“Limited” Role for Hydrogen in UK Net Zero Transition

Select Committee report disagrees with Climate Change Committee on domestic heating, but sees storage, industrial and transport applications.

British parliamentarians have urged caution in the rush to embrace hydrogen as the fuel of tomorrow.

Suggestions that hydrogen could replace fossil fuels for a wide range of uses – including powering cars, lorries and domestic heating – may be unrealistic, according to a report by the House of Commons Science and Technology Committee.

“It seems likely that any future use of hydrogen will be limited rather than universal,” said the report.

It added: “In our view, multiple changes will be needed to the way we obtain, use and store energy if we are to reach net zero emissions by 2050. Hydrogen will have its place in this portfolio.

“But we do not believe that it will be the panacea to our problems that might sometimes be inferred from the hopes placed on it.”

“The wonder fuel”

Hydrogen is the most abundant element in the universe and comes in three forms as an energy source. ‘Grey hydrogen’ is both the most common source of hydrogen at present and the least environmentally friendly, generated with natural gas or methane in a process that creates 2% of global greenhouse gas (GHG) emissions.

Blue hydrogen involves the capture and storage of the carbon released during the grey hydrogen process, and is labelled as low carbon. Green hydrogen uses renewably-generated electricity to split water molecules into hydrogen and oxygen and is rated as zero carbon.

For some time, blue and green hydrogen have been touted as the answer to power generation in a low-carbon world. Industrial giant Siemens said: “Green hydrogen is a versatile energy carrier that can be applied to decarbonise a wide range of sectors.”

Deloitte, the professional services firm, declared: “Hydrogen is exciting because it can be used in several sectors.”

As long ago as June 1992, The International Journal of Hydrogen Energy described it as “the wonder fuel”.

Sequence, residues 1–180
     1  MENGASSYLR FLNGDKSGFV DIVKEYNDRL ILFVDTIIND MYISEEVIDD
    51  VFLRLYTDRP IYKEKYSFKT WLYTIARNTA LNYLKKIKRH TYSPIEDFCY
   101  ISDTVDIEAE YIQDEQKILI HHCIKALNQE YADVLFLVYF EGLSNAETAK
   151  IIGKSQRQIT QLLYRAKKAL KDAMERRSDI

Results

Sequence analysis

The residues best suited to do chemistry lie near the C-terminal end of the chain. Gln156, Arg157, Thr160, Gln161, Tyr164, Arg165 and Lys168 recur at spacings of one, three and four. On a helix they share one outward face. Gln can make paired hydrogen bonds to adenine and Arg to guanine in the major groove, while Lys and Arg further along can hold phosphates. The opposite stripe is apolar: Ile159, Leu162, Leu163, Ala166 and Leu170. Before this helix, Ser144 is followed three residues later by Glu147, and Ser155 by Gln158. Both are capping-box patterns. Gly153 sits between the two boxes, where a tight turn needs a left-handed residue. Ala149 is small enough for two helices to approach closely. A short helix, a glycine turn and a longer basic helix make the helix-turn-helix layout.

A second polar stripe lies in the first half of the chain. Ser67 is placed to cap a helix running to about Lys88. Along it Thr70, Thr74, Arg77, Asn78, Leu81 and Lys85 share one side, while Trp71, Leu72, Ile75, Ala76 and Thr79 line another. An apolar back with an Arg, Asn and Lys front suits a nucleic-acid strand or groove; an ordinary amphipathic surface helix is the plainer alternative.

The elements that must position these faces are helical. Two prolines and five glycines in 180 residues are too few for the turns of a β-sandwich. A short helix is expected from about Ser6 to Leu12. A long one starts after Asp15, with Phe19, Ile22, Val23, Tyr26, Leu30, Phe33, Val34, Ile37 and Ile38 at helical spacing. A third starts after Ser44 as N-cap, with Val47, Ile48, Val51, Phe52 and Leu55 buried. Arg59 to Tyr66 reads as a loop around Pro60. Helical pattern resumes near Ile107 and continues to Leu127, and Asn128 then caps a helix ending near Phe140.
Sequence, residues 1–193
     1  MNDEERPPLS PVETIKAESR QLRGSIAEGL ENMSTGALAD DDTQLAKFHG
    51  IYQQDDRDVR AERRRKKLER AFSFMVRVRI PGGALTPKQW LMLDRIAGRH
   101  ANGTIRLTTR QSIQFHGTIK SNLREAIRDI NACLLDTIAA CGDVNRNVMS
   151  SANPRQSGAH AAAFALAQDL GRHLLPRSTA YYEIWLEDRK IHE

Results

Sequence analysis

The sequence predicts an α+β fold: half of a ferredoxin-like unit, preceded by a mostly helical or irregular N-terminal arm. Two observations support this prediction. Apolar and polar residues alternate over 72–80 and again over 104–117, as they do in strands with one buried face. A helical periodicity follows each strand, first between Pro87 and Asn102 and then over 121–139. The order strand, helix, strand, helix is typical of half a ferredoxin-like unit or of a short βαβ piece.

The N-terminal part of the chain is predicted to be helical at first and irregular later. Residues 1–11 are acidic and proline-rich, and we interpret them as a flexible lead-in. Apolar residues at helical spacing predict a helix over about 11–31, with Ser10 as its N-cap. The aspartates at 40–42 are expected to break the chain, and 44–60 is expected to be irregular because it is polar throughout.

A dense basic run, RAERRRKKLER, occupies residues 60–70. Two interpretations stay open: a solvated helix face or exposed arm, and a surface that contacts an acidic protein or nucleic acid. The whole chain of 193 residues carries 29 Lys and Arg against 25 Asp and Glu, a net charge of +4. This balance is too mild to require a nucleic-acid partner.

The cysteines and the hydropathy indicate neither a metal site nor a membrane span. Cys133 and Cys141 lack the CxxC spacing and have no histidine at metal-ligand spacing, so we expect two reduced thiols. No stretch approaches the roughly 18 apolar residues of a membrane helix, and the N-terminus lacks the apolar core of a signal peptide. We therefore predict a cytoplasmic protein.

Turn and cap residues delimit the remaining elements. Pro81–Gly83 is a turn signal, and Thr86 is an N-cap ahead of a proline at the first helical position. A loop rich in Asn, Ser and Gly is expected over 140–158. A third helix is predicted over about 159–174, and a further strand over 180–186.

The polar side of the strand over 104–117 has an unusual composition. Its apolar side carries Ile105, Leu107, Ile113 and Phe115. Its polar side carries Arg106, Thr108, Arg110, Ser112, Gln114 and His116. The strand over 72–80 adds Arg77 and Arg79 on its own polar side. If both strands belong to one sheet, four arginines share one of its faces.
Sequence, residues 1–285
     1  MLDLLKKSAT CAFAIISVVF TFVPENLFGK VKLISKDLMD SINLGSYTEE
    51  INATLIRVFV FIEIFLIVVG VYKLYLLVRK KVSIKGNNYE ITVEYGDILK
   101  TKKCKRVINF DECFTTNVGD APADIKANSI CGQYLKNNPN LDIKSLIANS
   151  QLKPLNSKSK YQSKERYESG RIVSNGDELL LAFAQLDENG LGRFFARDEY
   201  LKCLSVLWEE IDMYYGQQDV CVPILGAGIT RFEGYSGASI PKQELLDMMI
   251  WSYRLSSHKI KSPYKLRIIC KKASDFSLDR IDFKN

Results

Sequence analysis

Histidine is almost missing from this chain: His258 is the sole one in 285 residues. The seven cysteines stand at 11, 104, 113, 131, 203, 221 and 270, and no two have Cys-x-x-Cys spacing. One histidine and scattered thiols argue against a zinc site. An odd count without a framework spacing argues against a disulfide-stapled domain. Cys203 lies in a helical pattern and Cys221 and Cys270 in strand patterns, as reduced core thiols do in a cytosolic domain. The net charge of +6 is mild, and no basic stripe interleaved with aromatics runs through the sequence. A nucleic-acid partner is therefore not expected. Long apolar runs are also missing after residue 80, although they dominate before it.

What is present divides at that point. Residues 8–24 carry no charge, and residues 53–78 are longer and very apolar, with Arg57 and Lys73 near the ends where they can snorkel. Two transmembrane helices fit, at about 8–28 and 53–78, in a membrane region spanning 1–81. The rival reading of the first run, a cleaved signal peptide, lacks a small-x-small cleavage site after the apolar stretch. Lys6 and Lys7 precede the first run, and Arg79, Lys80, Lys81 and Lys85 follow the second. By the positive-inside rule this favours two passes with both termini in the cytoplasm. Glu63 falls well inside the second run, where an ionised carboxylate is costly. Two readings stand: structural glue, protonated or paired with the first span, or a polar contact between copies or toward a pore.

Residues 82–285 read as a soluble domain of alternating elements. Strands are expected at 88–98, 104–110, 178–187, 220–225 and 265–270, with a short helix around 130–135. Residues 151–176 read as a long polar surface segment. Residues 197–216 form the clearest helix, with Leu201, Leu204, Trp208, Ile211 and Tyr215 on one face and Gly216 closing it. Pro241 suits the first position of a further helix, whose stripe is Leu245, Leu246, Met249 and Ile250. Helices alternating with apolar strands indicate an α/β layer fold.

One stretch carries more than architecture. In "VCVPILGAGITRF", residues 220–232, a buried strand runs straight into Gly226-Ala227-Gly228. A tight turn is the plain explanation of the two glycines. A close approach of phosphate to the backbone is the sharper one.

The UK launched its hydrogen strategy in August 2021, with the aim of generating 10GW of low carbon hydrogen production capacity by 2030, from both blue and green hydrogen sources.

Metering a major obstacle

But the MPs urged a sense of perspective in weighing up the prospects for hydrogen. Their list of the most likely applications included sectors that will be hard to electrify, such as some parts of the rail network; uses that do not require the creation of an extensive refuelling network – such as local bus services operating out of a fixed number of depots; and users adjacent to, or accessible to, places where hydrogen is produced, such as industrial clusters.

They said: “In addition, hydrogen has important potential uses as a means of energy storage and a source of power for energy-intensive industries like steel, glass and mineral production.”

The shipping sector is widely expected to make greater use of hydrogen-based fuels in the future, with the sector’s transition from fossil fuels being accelerated by regulation, notably in Europe. The MPs found that hydrogen had the potential to play a key role in the decarbonisation of a several areas of the transport sector – responsible for 24% of UK GHG emissions – but said electric vehicles had established a likely “unassailable” lead in passenger road transport.

The committee was at variance with the statutory independent Climate Change Committee (CCC), which has called for all new domestic boilers to be hydrogen-ready from 2025.

While acknowledging that it is not a “silver bullet” solution, the CCC has said hydrogen is a credible option to help decarbonise the UK energy system, although its role depends on early government commitment and improved support to develop the UK’s industrial capability.

The Science and Technology Committee said the question of metering hydrogen use was a major obstacle to the conversion of domestic homes from natural gas. Existing smart meters are designed to measure natural gas volumes that are much lower than the amount of hydrogen needed for the same energy output, thus larger capacity meters may be required.

Furthermore: “The energy regulator (Ofgem) has not worked on understanding hydrogen domestic metering and has not been able to say whether the current roll-out of smart meters will prove ineffective if hydrogen is used in domestic metering. Ofgem was also unable to provide cost estimates for how expensive a hydrogen-ready smart meter roll-out would be under different scenarios, or what the cost implications would be for the consumer.”

The Science and Technology Committee is chaired by Conservative MP Greg Clark and includes Labour’s Dawn Butler and Carol Monaghan of the Scottish National Party.


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